Murrah buffaloes, marked out by their distinctive tightly curled horns and massive and stocky build, are famous around the world for their high milk yields. Since the 1960s, Murrah bulls have been taken from India to Bulgaria, Brazil, China and several East Asian countries to help in efforts to improve their native breeds and increase milk yields. Ads by OffersWizardAd Options Ganga, Yuvraj’s mother, for instance, used to produce over 26 litres of milk a day in her prime, a record. That is more than 10 times the average yield of milch cows in India and about five times that of milch buffaloes, putting to shame cattle breeds such as Holstein Friesian or Jersey that were imported to India but could do little to improve milk yields. What makes Ganga an elite milch buffalo is that together with Yograj she gave birth to buffaloes that produce over 15 litres of milk a day each. Yuvraj is the bearer of an elite germplasm: he is what scientists call pedigree selected and progeny tested. Karamveer’s acumen in identifying and preserving this elite line, coupled with the scarcity of identified elite bulls in the country, makes Yuvraj what he is today. That’s why farmers looking for higher milk yields are ready to pay handsomely for the elite germplasm. They want to take Yuvraj’s semen to artificially inseminate (AI) their milch buffaloes. Economics of ejaculation The economics behind a single ejaculation by Yuvraj the bull is astounding. One ml of bull semen contains about one billion sperms. One ejaculation generates between 4-6 ml of semen which is then diluted with egg yolk or milk-based diluents to make between 400 to 500 doses of semen, preserved inside plastic straws and stored frozen in liquid nitrogen (cryogenic) containers. Karamveer sells a single dose (one semen straw) for Rs.300. Thus, every ejaculation by Yuvraj earns Karamveer anywhere between Rs.1.2-1.5 lakh. And as artificial insemination becomes popular across the country, sales are on the rise. In 2009, Karamveer sold 4,000 straws; last year the number rose to 25,000. Now six-and-a-half-year old, Yuvraj has many years of service ahead; buffalo semen can be collected up to 16 years of age. Living like a prince True to his name Yuvraj lives the life of a prince. He wakes up early in the morning and drinks 10 litres of milk, fortified with vitamin supplements to keep his liver in good shape. Then he is led out into the morning sun and allowed to stay there for sometime. This is followed by a leisurely bath, and then a relaxing massage—by two masseurs—with kachhi ghani (cold press extract) mustard oil. The massage cannot be a hurried affair as Yuvraj is a big chap—10.5 ft long (excluding the tail) and 5 ft 7.5 inches tall. His curled horns, too, are given a special oil polish. After the massage, it’s time for lunch. Yuvraj gorges on quality feed and then takes an afternoon nap. When he wakes up in the evening there are 5kg of apples waiting for him. Finally, he is taken on a 4km race in the fields, which helps him digest the food and keep fit. Karamveer is as affectionate towards Yuvraj as a doting father is to his favourite child. Standing outside his palatial house in Sunarion village in Kurukshetra district of Haryana, he makes sure Yuvraj is massaged well. Satisfied, he personally combs the tuft of jet black hair on Yuvraj’s forehead. Ads by OffersWizardAd Options “They are like my children and over the years have turned me from an amateur admirer to a businessman. Yuvraj has been very lucky for me—I began building this house the day he was born,” says Karamveer, who is now a commission agent in agricultural markets and a seller of seed potatoes. Yield challenge With a yearly output of 130 million tonnes, India is the world’s largest producer of milk, due mainly to the fact that it is home to the largest milch animal population on the planet—over 118 million, according to the latest Livestock Census published in September this year. However, India’s milk yields per animal are among the lowest in the world. Compared with 18kg of milk per day per animal in Europe and about 27kg per day per animal in the US, the average native Indian cow produces just about 2.36 kg of milk in a day. The average milk yield of cross-bred and exotic cows is a little over 7 kg and of buffaloes, 4.8 kg. “Production by milch animals is low in India; it is due to poor feeding practices and because little attention is given to breed improvement. The National Dairy Plan formulated in 2012 is trying to address these concerns. India is also importing bull semen to improve breed quality,” says R.S. Sodhi, managing director of Gujarat Co-operative Milk Marketing Federation Ltd, the country’s largest milk co-operative, which markets dairy products under the brand name of Amul. Ads by OffersWizardAd Options Karamveer’s success—luck and acumen notwithstanding —is directly related to the scarcity of elite bull germplasm despite India having several high-yield native buffalo breeds such as the Murrah, Neeli Ravi and Jaffarabadi. So acute is this shortage that a semen bank in Hissar, Haryana, was robbed in May last year. “Unlike its cows India has the best breed of buffaloes in the world and of late several states—Andhra Pradesh, Madhya Pradesh and Odisha—are showing interest in upgrading their breeds with Murrah germplasm,” says Inderjeet Singh, director of Central Institute of Research in Buffaloes (CIRB), Hissar, part of the apex Indian Council of Agricultural Research (ICAR). “There is a recognition that native buffaloes can yield more milk than exotic cattle in Indian conditions. We sold over 26,000 doses of semen last year. In Haryana, as land holdings per farmer is going down, dealing in buffalo calf is emerging as a prosperous business.” Out of 55 million breedable buffaloes in India, only 15% are bred through artificial insemination, according to a note prepared by CIRB. There are two main reasons for this: while 5,000-6,000 bulls are required for frozen semen production to adopt artificial insemination on a large scale, it is difficult to find superior bulls as they are rare, isolated and scattered. Also, they are in the possession of a few progressive farmers such as Karamveer. The worst case scenario is that India’s invaluable buffalo germplasms may get deleted from the gene pool. Since 2008, CIRB has initiated a conservation programme which has identified elite bulls in Haryana after examining the pedigree and production potential, says Singh. The semen is collected at the farmer’s doorstep, frozen in straws and sold to buyers with half the proceeds from sales going to the owner. So far CIRB has identified 13 bulls under this programme—a welcome start but falling far short of the numbers needed to meet growing demand. Cloning the mighty Murrah In May, scientists at the National Dairy Research Institute (NDRI) achieved a feat that could hold an answer to the shortage: they cloned an elite Murrah buffalo to give birth to a calf named Lalima. “This will facilitate faster multiplication of elite germplasm and help us to face the challenges of increasing demand for milk,” S. Ayyappan, director general of ICAR, said. However, buffaloes have been forgotten in a much-publicized project taken up by the ministry of agriculture in July this year. The objective of the Rashtriya Gokul Mission is breed improvement of cows using elite lines of indigenous breeds like Gir, Sahiwal and Tharparkar. Buffaloes have been kept out of the project’s ambit—a baffling omission. Ads by OffersWizardAd Options “Buffaloes not only contribute more to milk production, India has become the largest exporter of beef due to export of buffalo meat. Selection of breeds and culling of unproductive animals is the reason that buffalo yields are more than double that of cows in India. As culling of cattle is not accepted in India the progress of breed improvement will be slower for cattle as inferior progenies continue to be in production,” said Singh. In Hindu mythology buffaloes are often regarded as demonic, but for India, the mighty Murrah may just help usher in the next white revolution.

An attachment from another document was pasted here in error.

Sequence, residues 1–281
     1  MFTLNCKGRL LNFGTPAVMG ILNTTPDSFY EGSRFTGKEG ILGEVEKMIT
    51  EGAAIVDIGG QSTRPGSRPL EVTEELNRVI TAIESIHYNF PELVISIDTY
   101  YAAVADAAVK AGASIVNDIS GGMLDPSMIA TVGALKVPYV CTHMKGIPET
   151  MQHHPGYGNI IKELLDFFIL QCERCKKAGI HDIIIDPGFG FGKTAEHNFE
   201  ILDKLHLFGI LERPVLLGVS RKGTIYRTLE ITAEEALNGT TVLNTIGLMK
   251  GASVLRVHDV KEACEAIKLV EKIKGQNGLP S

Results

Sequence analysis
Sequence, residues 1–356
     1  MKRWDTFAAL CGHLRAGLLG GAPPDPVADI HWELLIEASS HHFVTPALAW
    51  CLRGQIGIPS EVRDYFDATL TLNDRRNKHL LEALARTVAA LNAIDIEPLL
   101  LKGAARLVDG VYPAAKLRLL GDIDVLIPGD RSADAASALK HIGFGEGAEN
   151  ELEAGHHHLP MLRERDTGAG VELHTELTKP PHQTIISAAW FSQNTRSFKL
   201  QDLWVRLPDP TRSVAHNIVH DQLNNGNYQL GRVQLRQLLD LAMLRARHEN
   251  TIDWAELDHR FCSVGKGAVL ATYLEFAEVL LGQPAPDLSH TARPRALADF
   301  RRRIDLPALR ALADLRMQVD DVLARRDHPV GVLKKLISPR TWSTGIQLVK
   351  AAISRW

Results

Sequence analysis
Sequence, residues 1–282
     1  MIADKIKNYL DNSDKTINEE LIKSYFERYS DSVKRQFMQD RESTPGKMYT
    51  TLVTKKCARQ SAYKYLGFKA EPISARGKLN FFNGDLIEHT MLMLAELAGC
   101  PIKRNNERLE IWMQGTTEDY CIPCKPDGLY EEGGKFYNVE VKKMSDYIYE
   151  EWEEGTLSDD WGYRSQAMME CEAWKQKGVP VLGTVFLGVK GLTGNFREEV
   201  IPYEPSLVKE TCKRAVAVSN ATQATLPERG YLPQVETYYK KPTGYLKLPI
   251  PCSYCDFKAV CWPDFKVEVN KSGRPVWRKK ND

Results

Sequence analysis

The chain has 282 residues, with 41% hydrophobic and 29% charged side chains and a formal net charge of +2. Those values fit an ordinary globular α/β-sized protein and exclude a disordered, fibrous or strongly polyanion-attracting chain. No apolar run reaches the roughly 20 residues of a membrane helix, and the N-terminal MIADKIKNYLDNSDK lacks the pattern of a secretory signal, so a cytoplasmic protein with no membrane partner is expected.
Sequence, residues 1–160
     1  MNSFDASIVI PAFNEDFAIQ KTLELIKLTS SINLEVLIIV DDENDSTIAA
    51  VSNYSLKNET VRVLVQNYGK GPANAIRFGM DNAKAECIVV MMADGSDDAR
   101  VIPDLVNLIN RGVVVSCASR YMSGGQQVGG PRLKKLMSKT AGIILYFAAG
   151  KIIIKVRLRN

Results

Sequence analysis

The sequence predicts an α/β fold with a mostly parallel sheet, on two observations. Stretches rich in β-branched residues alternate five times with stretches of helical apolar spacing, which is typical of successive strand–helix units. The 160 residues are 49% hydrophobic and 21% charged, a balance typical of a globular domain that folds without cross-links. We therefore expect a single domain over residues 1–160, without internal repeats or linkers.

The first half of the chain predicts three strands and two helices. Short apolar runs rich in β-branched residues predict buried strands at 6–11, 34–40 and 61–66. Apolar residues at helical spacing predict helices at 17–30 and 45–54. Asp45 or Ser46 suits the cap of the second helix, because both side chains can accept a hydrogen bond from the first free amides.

No comments:

Post a Comment